This book is a companion piece to Sheldon and Moore's Indicators of Social Change. Whereas Indicators of Social Change was concerned with various kinds of "hard" data, typically sociostructural, this book is devoted chiefly to so-called "softer" data of a more social-psychological sort: the attitudes, expectations, aspirations, and values of the American population. The book deals with the meaning of change from two points of view. First, it is interested in the human meaning which people attribute to the complex social environment in which they find themselves; their understanding of group relations, the political process, and the consumer economy in which they participate. Secondly, it discusses the impact that the various alternatives offered by the environment have on the nature of their lives and the fulfillment of those lives. The twelve essays which make up the volume deal successively with the major domains of life. Each author sets forth an inclusive statement of the most significant dimensions of psychological change in a specific area of life, to review the state of present information, and to project the measurements needed to improve understanding of these changes in the future.
What makes for a good life, or a beautiful one, or, perhaps most important, a meaningful one? Throughout history most of us have looked to our faith, our relationships, or our deeds for the answer. But in A Significant Life, philosopher Todd May offers an exhilarating new way of thinking about these questions, one deeply attuned to life as it actually is: a work in progress, a journey—and often a narrative. Offering moving accounts of his own life and memories alongside rich engagements with philosophers from Aristotle to Heidegger, he shows us where to find the significance of our lives: in the way we live them.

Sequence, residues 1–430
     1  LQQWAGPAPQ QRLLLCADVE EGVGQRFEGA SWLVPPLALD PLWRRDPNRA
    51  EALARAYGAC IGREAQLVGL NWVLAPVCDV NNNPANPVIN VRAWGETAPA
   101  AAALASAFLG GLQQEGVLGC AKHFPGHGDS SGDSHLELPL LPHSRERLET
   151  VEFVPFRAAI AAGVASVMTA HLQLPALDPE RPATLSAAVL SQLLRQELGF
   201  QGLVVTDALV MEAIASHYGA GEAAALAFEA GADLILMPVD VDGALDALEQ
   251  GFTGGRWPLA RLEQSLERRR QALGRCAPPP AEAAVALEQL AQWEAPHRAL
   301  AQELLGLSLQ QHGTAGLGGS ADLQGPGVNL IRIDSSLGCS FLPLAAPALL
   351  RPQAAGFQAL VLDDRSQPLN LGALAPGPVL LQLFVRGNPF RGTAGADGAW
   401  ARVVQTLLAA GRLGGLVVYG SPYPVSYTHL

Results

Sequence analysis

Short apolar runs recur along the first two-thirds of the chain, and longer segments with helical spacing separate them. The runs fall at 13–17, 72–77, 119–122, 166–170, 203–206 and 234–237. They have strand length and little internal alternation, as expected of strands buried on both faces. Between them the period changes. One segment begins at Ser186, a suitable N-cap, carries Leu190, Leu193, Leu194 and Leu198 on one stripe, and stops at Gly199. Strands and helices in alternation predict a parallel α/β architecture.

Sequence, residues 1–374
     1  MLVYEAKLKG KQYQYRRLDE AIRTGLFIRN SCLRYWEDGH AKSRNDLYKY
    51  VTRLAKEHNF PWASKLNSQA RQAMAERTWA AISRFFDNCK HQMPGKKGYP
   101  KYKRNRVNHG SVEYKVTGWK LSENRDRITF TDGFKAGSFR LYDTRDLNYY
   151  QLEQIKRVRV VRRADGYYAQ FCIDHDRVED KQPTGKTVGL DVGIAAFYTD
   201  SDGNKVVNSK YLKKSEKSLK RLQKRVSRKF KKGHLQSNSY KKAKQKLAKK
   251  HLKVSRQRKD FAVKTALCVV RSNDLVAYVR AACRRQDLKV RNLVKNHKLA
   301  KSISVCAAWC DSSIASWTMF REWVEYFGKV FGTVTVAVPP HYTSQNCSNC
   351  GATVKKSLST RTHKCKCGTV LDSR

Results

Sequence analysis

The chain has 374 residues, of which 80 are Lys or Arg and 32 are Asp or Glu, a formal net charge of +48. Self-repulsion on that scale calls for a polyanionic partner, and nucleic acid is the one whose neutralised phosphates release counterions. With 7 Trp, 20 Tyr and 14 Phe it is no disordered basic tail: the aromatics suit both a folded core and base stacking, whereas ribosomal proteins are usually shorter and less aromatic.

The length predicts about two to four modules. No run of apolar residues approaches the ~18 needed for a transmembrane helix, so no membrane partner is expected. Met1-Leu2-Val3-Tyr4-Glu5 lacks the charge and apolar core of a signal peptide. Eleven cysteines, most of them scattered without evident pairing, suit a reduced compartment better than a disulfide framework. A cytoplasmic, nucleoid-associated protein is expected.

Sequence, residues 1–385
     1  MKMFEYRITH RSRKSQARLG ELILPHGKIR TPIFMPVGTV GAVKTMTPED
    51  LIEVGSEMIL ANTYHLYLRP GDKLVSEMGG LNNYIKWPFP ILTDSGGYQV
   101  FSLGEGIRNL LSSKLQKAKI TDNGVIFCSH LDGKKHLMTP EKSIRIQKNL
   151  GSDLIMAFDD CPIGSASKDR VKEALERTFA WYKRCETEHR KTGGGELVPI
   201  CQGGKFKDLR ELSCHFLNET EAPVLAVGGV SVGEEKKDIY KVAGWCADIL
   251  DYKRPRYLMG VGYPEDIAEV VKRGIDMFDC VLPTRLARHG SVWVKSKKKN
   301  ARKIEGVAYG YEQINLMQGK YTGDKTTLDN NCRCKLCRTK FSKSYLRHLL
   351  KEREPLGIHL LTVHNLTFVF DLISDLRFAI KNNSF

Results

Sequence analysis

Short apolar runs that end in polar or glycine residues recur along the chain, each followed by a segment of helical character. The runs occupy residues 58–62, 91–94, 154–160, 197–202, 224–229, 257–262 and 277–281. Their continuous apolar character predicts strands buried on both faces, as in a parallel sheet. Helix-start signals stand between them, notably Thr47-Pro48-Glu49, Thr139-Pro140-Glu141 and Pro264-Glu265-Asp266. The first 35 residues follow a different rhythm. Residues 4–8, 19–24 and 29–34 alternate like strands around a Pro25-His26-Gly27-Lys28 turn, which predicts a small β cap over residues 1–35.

May starts by looking at the fundamental fact that life unfolds over time, and as it does so, it begins to develop certain qualities, certain themes. Our lives can be marked by intensity, curiosity, perseverance, or many other qualities that become guiding narrative values. These values lend meanings to our lives that are distinct from—but also interact with—the universal values we are taught to cultivate, such as goodness or happiness. Offering a fascinating examination of a broad range of figures—from music icon Jimi Hendrix to civil rights leader Fannie Lou Hamer, from cyclist Lance Armstrong to The Portrait of a Lady’s Ralph Touchett to Claus von Stauffenberg, a German officer who tried to assassinate Hitler—May shows that narrative values offer a rich variety of criteria by which to assess a life, specific to each of us and yet widely available. They offer us a way of reading ourselves, who we are, and who we might like to be.
Clearly and eloquently written, A Significant Life is a recognition and a comfort, a celebration of the deeply human narrative impulse by which we make—even if we don’t realize it—meaning for ourselves. It offers a refreshing way to think of an age-old question, of quite simply, what makes a life worth living.